Maine not for sale
Maine is not for sale. The 145-mile Central Maine Power corridor will destroy Maine. We get none of the power generated. It will go to Massachusetts, and it’ll never benefit Maine. Instead, it will pollute our air and destroy our forests. It will destroy the state of Maine, and — the hugest insult — we get no vote.
This project is going to kill animals and endanger the people of western Maine. One of those areas will be 20 minutes from my family. We have lived in Maine generation after generation because we love this state.
There are other smarter ways to get green energy into Maine and have it be for us. We keep selling off our clean energy, which makes no sense for Maine. It should benefit our future and not Massachusetts. Please push back on this. We need whoever is saying anything and can stop the company that seeks to kill our home so they can make money.
Misinformation is power in Belfast
I am a concerned student and citizen and native. I am concerned with the the environment, with the economic viability of where I live, for the future I hope to see in Belfast and for the authenticity of the place I call home.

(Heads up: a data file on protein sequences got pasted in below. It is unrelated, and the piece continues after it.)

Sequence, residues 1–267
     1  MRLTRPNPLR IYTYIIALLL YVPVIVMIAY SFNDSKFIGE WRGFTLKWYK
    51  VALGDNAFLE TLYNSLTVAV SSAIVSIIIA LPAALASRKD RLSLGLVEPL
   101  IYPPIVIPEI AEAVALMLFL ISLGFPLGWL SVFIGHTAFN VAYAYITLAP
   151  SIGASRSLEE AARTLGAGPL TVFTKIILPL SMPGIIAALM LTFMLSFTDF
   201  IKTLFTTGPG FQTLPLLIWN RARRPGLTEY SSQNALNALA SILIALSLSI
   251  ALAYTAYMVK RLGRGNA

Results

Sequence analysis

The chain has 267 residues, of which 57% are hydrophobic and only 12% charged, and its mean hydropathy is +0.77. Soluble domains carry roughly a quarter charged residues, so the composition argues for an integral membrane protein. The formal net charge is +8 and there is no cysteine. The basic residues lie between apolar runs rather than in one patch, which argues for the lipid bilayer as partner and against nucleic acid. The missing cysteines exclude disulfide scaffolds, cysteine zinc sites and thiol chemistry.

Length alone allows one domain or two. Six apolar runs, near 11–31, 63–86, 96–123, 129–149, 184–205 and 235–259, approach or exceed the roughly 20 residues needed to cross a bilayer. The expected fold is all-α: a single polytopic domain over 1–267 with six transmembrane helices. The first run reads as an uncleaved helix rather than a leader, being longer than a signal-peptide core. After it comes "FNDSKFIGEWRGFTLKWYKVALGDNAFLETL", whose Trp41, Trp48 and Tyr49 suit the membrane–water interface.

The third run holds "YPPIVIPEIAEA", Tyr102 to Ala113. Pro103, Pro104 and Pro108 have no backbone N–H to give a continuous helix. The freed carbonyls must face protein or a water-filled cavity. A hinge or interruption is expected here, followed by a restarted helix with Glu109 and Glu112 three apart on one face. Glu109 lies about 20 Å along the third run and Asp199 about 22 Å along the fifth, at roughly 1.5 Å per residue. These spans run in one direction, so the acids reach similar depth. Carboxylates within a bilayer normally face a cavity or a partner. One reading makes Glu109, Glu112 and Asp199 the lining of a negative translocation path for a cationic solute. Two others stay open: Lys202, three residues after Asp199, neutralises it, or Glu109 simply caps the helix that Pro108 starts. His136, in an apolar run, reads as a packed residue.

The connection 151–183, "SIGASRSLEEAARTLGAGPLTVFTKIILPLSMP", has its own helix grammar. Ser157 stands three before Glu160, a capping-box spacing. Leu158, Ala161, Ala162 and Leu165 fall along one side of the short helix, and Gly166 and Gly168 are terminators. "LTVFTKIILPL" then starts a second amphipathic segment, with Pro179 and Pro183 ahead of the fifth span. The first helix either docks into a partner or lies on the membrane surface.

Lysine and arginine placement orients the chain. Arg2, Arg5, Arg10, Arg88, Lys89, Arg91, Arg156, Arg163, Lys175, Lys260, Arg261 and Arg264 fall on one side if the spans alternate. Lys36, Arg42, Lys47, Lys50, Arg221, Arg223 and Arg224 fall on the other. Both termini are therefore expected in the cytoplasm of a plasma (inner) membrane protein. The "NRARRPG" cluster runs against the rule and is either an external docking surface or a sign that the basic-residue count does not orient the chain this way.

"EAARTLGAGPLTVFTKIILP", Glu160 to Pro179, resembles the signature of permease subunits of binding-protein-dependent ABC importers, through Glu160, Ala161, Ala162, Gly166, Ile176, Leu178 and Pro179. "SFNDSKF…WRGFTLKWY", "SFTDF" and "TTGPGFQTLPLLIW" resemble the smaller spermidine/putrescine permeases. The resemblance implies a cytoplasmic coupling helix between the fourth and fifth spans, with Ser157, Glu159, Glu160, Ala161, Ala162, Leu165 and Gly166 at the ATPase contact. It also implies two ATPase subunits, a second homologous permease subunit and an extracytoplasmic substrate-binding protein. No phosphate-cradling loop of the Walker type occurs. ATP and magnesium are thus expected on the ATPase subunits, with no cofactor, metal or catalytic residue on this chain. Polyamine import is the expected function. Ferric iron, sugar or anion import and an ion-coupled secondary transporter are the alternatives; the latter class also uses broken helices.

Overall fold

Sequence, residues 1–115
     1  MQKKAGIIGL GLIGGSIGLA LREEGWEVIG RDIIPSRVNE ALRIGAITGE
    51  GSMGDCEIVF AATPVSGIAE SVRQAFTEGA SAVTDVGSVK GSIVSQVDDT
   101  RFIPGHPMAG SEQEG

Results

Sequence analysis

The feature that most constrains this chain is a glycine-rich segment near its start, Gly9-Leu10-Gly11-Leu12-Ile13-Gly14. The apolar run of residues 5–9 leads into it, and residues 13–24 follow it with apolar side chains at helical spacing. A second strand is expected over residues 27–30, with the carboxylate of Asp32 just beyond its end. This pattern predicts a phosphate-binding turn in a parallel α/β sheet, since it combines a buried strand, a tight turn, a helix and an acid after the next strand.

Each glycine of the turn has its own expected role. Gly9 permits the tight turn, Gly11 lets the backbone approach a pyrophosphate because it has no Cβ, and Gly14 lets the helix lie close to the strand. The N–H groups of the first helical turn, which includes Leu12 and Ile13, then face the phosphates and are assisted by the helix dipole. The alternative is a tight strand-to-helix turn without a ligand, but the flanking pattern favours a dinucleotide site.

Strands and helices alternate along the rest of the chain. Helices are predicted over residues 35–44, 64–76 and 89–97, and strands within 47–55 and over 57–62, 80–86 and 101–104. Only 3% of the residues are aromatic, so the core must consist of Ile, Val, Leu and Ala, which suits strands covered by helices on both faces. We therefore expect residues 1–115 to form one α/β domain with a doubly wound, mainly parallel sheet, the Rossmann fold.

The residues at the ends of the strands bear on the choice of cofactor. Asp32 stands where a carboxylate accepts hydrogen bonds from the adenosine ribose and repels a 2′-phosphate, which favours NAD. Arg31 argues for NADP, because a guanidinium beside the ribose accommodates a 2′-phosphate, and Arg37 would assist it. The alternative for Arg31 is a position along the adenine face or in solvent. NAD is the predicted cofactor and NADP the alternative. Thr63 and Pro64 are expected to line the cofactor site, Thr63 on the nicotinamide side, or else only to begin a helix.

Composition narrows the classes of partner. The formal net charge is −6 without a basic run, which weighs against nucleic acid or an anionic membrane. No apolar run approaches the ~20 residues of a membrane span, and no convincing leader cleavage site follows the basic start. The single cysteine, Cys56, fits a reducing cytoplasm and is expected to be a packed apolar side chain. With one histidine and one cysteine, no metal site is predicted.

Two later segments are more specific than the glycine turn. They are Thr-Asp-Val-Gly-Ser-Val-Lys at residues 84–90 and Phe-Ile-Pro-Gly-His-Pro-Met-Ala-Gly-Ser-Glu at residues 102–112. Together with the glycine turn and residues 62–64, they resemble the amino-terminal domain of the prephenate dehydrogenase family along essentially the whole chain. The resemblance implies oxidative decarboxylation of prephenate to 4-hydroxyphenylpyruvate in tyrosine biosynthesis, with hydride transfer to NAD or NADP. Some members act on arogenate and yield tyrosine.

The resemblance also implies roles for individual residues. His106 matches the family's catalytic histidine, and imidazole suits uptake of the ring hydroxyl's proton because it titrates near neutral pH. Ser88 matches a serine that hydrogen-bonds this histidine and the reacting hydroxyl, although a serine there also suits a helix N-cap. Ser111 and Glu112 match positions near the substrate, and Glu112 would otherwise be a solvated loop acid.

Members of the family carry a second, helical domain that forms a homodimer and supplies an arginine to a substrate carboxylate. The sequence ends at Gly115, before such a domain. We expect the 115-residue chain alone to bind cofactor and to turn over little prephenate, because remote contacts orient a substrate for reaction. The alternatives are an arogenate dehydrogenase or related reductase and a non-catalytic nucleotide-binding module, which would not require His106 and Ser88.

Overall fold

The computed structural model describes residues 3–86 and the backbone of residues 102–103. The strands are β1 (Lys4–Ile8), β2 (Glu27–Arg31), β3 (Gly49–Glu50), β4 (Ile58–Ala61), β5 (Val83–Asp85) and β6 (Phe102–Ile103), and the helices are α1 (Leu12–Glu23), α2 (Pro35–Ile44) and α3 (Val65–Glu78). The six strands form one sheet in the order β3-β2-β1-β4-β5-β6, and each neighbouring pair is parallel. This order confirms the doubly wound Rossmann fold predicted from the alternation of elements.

I am concerned the so-called informed public rejects the science behind the salmon farm project. Since February, I have searched scientific databases for case studies, peer-reviewed journals and information about the net-pen and land-based aquaculture industries. I have reached out to those in the industry, interviewing, connecting and learning about the environmental impacts and the economic viability of a project such as this. I have developed my own analysis, citing these resources, that are truly science based.
How frustrating it is to live in a world where people do not wish to learn. I have attended numerous public meetings, I have spoken at all but one, and not once have I felt heard by the people of my community against the project. Knowledge is power, but in Belfast so is misinformation.
This project has the opportunity to provide so much. Let’s not shut it down too soon.
Improve child care
I am a child care professional working with infants and toddlers and write in response to the Oct. 11 OpEd about how Maine can give young parents and their kids a boost. I am concerned over the state of care available for infants in Maine and agree that with enough support, our youngest parents are an asset to our state. Improved access to high-quality child care across demographics would benefit everyone — even older parents with established careers need quality care or they will leave the state to find it.
Research shows that high-quality early care benefits children and their communities for their whole lives — economically, socially and academically. However, funding and support for these early years are neglected. Spaces are limited and sometimes of poor quality. Along with improving the care of our youngest, a strong, well-regulated network of child care providers would help keep young families in Maine and allow more parents to enter the workforce.